Taking advantage of our indecision at the small road junction, he stepped into the road. He stood blocking our way, kneecaps on our bumper. Wizened, wiry, deeply tanned, he sucked air through missing teeth gaps whilst his brown eyes scrutinized us over the top of ancient golden wire rimmed round glasses. His face wrinkled, weather beaten and lined, the product of years out in mountain fields. Old, well-worn and patched trousers held up with a cracked leather belt, a light blue shirt rolled up at the sleeves. Clearly we were a novelty, something unusual, out of place, an unusual phenomenon penetrating the sleepy monotony of another sunny afternoon siesta high in the remote mountain interior. We stared back, unsure how to proceed, our way blocked by a septuagenarian Sicilian of the hills. A Sicilian stand-off. “You did lock us in darling, didn’t you?” whispered a hushed ,small voice in my ear.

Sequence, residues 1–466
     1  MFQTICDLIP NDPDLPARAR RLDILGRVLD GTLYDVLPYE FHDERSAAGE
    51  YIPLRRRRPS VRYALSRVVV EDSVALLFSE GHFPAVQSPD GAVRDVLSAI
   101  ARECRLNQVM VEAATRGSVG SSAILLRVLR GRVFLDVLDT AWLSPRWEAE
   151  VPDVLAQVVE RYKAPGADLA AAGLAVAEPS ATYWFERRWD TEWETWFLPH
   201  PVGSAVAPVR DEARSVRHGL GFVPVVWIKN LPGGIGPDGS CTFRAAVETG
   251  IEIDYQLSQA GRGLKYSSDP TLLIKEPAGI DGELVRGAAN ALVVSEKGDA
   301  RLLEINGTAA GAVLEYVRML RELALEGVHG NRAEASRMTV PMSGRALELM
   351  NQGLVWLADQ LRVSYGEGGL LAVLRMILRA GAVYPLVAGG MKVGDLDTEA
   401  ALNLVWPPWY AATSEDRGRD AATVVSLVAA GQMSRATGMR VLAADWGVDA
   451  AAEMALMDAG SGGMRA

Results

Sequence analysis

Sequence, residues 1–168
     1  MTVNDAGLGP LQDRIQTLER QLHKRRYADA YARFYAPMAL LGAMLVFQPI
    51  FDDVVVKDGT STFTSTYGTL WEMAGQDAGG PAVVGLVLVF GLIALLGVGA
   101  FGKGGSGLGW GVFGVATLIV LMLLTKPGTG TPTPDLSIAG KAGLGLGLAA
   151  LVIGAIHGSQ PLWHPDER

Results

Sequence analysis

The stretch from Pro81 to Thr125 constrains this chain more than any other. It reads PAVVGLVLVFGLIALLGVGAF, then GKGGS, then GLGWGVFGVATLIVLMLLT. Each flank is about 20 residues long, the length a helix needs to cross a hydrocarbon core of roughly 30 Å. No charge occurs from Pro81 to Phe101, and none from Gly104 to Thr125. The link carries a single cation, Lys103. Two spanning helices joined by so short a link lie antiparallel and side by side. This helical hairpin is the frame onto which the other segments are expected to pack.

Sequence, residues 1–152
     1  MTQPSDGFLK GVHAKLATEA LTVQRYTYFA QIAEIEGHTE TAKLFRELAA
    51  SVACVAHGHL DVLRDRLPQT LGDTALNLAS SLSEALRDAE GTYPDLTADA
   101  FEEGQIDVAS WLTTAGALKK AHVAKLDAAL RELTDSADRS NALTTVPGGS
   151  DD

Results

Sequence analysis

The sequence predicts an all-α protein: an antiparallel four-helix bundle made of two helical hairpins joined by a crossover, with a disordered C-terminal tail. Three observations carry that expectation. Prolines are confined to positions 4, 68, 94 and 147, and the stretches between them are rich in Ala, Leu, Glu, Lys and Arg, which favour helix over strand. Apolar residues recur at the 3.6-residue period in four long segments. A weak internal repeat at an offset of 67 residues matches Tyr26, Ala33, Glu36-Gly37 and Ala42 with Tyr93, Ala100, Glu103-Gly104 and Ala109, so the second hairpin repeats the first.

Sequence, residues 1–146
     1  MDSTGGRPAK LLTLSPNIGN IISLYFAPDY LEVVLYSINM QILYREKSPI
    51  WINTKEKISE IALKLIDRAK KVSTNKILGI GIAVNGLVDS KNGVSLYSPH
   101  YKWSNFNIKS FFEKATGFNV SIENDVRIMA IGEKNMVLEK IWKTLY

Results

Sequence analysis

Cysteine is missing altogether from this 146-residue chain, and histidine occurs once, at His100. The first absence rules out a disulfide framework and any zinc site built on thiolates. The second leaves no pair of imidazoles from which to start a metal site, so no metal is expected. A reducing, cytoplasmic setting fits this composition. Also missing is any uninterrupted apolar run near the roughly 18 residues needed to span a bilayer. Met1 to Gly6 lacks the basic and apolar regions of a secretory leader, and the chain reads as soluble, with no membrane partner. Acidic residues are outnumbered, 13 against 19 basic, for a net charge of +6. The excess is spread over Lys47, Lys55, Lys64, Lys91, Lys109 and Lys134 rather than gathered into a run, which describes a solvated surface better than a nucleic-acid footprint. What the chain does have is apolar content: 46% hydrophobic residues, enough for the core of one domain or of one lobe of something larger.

Then, suddenly, as always has been the case everywhere we have gone in Sicily, a huge smile broke out on the leathery face and arms were thrown wide in welcome. We had passed muster, our village sentry was a happy man. Waved on, we parked up in a sunlit village piazza lined with mulberry trees under which in the cool shade, residents sat, chatting. Smiles, the odd wave and nodded greeting. We were invited to see the geological museum. Although closed for the afternoon siesta, they were happy to open it. There would be no charge. "Prego, prego". Welcome.
"Had we visited the Cliffside necropolis?” “Would we like a guide or just see it ourselves?” It would be no trouble either way. “Had we eaten, would we like some mineral water?” “Did we know Wolverhampton in England?” The family had a home there and occasionally visited it. “Feel free to wander; any questions, please come and ask”. We were the only visitors so far, and “if we could be so kind, please sign the visitors’ book on the way out”, if we have time and it was not delaying us on our travels.